As we gear up for local election later this fall, it is important to remember the history and the struggles that led to the universal suffrage that we enjoy today.
When the constitution was young and just inked by our Founding Fathers, neither women nor people of color, could vote.
In fact, when George Washington was president, only about 6 percent of the population could vote. In those years, only landowners were allowed to cast a ballot.
Luckily for later generations, the founders of the nation designed the constitution to be a living, dynamic document serving the needs of the current population while anchored on the original principles.
As the United States population has changed, so has the constitution. Amendments were added, removing the criteria that only landowners could vote and granting women and people of color voting rights.
The fight for women’s suffrage is almost 100 years old.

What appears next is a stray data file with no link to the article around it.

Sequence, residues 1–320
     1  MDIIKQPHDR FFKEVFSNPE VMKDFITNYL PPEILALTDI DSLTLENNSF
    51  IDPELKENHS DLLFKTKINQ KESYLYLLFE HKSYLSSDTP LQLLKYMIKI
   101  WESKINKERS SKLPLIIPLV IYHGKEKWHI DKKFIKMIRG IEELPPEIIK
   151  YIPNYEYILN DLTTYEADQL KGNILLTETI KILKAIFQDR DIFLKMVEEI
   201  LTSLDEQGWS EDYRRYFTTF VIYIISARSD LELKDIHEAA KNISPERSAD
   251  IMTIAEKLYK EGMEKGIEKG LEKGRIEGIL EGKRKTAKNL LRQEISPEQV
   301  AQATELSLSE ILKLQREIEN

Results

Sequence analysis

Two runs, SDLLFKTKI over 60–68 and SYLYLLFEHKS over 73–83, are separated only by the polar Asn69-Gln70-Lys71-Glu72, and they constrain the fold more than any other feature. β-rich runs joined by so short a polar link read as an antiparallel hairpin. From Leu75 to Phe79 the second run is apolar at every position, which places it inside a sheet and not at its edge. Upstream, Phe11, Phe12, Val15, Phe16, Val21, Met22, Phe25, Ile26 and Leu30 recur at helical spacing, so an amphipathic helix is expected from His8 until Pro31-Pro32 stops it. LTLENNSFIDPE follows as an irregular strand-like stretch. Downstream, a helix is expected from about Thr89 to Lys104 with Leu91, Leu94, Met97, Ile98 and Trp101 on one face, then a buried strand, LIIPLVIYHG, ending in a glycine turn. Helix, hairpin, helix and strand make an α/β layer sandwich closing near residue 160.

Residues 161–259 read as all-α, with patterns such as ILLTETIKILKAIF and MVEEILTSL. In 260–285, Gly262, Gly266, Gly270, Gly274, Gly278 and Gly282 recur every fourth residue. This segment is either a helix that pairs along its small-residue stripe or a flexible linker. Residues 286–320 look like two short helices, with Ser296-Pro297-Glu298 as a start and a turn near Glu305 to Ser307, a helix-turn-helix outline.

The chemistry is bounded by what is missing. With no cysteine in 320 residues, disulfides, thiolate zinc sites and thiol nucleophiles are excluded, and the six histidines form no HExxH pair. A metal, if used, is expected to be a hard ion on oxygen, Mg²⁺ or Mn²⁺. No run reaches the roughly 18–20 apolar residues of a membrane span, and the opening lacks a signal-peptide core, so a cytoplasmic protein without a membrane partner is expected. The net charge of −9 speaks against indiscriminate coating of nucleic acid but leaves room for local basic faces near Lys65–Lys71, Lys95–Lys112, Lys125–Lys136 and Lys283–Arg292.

The centennial is next year, and it’s important to remember the fight for the right to vote, and exercise the privilege.
Although Kansas women have had the right to vote in Kansas municipal elections since 1887, that was twenty years after the State Impartial Suffrage Association was first defeated in an effort to extend the vote to both women and African Americans.
Finally, in 1912 Kansas became the eighth state to grant full suffrage to women.
Nationally, the suffrage movement continued thru World War I, and the national women’s suffrage movement was finally achieved on Aug. 8, 1920.
Kansas lawmakers had called a special session on June 16, 1919, becoming the fourth state to ratify the amendment.
It was a long struggle whose fruits are clear. Accessibility to the vote has made our nation and communities better and enhanced the ideals of democracy first envisioned by the founding fathers. Today women and persons of color freely participate in elections resulting in leaders who truly represent us. It’s a hard fought right, one we honor only by participating.
Elections are coming in November. Be sure to register to vote, or check your voting status, at